Indigenous land owners (Aboriginals) Edit
The origin of Aboriginal peoples in Australia has been the subject of intense speculation since the nineteenth century. Until recently, no theory of migration had gained wide acceptance. Genetic studies had shown the Aboriginal peoples to be related much more closely to each other than to any peoples outside Australia, but scholars had disagreed whether their closest kin outside Australia were certain South Asian groups, or instead, certain African groups. The latter would imply a migration pattern in which their ancestors passed through South Asia to Australia without intermingling genetically with other populations along the way. A 2009 genetic study in India found similarities among Indian archaic populations and Aboriginal people, indicating a Southern migration route, with expanding populations from Southeast Asia migrating to Indonesia and Australia. In a genetic study in 2011, researchers found evidence, in DNA samples taken from strands of Aboriginal people's hair, that the ancestors of the Aboriginal population split off from the ancestors of the European and Asian populations between 62,000 and 75,000 years ago—roughly 24,000 years before the European and Asian populations split off from each other. These Aboriginal ancestors migrated into South Asia and then into Australia, where they stayed, with the result that, outside of Africa, the Aboriginal peoples have occupied the same territory continuously longer than any other human populations. These findings suggest that modern Aboriginal peoples are the direct descendants of migrants who arrived around 50,000 years ago. This finding is supported by earlier archaeological finds of human remains near Lake Mungo that date to 45,000 years ago. Another 2011 genetic study found evidence that Aboriginal peoples carry to one degree or another some genes associated with the Denisovan peoples of Asia, suggesting that modern and archaic humans interbred in Asia before the migration to Australia.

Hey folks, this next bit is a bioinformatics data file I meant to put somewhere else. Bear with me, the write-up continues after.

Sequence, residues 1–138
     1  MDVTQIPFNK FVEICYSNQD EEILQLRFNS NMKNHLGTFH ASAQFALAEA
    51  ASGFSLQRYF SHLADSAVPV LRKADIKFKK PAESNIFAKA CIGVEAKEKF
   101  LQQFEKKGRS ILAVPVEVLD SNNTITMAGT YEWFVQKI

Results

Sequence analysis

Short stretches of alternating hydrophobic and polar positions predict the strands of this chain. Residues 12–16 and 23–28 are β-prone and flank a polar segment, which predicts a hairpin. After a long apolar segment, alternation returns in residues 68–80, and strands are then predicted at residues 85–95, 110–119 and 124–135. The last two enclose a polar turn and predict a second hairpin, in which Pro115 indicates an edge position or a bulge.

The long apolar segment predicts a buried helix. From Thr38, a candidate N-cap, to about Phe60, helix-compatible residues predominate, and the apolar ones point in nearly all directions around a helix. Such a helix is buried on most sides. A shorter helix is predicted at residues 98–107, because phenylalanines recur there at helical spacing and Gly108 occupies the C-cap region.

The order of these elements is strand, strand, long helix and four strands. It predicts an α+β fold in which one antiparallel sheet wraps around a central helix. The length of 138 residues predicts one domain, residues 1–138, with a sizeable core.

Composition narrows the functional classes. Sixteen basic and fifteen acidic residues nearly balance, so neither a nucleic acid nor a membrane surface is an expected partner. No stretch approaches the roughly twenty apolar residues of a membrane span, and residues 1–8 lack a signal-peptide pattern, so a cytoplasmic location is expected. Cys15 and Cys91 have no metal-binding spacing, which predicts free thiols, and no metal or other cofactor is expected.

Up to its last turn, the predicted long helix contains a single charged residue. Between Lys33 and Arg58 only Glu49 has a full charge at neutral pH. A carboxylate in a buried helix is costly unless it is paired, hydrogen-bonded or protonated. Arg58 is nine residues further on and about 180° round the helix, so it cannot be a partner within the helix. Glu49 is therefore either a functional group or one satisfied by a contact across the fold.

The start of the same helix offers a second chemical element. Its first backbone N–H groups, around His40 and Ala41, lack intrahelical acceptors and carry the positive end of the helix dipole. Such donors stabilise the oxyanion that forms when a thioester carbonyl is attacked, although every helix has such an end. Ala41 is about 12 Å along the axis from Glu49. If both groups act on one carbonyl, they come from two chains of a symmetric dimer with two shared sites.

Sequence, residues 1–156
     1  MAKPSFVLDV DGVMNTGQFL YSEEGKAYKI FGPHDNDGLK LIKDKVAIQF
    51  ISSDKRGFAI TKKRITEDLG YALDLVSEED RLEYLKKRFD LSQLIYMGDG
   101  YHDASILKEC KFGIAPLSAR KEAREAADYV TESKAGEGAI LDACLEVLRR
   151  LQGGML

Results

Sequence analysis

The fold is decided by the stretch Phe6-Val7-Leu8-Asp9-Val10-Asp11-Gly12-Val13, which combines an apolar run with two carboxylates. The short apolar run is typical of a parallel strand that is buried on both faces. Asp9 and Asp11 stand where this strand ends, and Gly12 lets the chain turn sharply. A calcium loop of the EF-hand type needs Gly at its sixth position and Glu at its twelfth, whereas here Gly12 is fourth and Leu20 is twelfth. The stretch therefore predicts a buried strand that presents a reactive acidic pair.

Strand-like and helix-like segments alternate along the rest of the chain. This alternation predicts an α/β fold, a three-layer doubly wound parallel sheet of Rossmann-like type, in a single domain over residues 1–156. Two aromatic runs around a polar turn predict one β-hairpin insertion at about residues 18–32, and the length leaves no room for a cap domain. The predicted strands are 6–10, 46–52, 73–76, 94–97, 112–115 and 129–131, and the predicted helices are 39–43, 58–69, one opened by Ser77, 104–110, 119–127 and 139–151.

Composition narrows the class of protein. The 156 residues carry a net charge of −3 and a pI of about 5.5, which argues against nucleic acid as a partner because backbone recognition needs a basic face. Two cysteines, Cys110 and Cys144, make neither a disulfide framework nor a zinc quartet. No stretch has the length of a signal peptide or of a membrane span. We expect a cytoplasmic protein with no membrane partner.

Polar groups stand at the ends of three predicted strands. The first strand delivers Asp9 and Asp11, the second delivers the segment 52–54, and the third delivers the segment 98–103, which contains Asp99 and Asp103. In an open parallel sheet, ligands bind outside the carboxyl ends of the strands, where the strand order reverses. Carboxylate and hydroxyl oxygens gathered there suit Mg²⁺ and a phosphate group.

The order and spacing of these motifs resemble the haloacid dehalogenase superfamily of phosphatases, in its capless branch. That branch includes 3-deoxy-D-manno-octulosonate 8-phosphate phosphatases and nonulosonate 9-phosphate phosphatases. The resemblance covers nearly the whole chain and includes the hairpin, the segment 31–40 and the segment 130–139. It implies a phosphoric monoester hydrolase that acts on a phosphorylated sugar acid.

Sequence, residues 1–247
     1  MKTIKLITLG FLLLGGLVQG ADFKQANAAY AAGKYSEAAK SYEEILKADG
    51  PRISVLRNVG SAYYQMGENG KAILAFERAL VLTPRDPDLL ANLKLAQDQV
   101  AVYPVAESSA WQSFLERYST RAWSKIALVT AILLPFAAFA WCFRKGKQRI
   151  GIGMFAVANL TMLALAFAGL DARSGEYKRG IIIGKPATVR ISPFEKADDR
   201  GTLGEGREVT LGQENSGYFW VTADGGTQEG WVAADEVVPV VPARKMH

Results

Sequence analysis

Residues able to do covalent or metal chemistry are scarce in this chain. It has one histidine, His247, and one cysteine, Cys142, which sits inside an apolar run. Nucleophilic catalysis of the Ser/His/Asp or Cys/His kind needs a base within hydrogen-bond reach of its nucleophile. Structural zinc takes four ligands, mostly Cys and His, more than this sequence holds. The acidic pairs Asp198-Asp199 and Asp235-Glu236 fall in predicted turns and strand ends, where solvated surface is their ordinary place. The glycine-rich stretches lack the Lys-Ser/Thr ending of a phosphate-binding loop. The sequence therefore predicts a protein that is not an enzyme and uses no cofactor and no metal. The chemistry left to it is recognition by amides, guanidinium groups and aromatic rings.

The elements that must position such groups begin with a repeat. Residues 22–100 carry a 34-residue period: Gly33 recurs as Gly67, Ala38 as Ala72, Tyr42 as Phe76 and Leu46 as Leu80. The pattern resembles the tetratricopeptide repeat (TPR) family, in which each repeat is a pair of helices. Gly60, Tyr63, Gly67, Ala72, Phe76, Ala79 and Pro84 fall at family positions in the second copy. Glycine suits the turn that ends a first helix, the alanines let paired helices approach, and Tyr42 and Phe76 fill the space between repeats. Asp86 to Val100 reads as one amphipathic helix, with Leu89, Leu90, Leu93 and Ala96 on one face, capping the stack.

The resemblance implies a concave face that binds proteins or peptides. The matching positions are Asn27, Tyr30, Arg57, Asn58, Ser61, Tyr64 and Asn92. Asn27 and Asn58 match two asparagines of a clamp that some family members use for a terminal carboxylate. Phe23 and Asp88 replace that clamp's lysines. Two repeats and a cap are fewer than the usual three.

Australian Aboriginal history timeline
Australian Aboriginal history is the only history that grows both ways—forward into the present and backwards into the past as new scientific methods indicate that archaeological sites are much older than originally thought.
| 7 million yearsEdit
Age of the endocast of a primitive hominid-like skull recovered from among the rubble of a volcanic plug in the Bega district, on the New South Wales far south coast, in May 2005.
| 120,000 yearsEdit
Analysis of pollen and charcoal giving a date of 120,000 BP suggests that people were using fire to clear land in the Lake George basin in the Southern Tablelands of NSW, about 30 kms north-east of Canberra.
| 68,000 yearsEdit
Current estimates for the arrival of Aboriginal people in Australia.
| 60,000 yearsEdit
Age of Lake Mungo 3 human remains (age range between 56,000 and 68,000 years), south-western NSW, 987 km west of Sydney. Footprints discovered at Lake Mungo are believed to be 23,000 years old. Sign: Lake Mungo Lake Mungo, New South Wales. Ancient camp sites have been found in this area.
| 56,000 yearsEdit
Suggested age of two north Australian sites (Nauwalabila and Malakunanja, about 300 kms east of Darwin).
Archaeological evidence suggests that a rock shelter was used by people at a site in Arnhem Land (400 kms east of Darwin) in the Northern Territory. They used stone tools and red ochre probably to prepare pigments for rock painting or body decoration.
| 45,000 yearsEdit
Rock engravings made in South Australia - the earliest dated petroglyphs.
| 40,000 yearsEdit
Clear archaeological evidence that Aboriginal people have been living in south-eastern Australia e.g. Lake Mungo National Park, NSW.
The oldest dated art in Europe is 40,800 years old and was found in the El Castillo cave in Spain. It contains many red hand stencils, similar to stencils found in Australia.
| 35,000 yearsEdit
Age of a oldest known camping site found in the Pilbara region, Western Australia, near the Jugaling Rock Shelter. The site belongs to a mining lease jointly owned by Rio Tinto and Hancock Prospecting. Both companies refuse to permanently exclude the site from mining.
| 30,700 yearsEdit
Age of fireplaces (such as underground oven) at Lake Mungo National Park, NSW.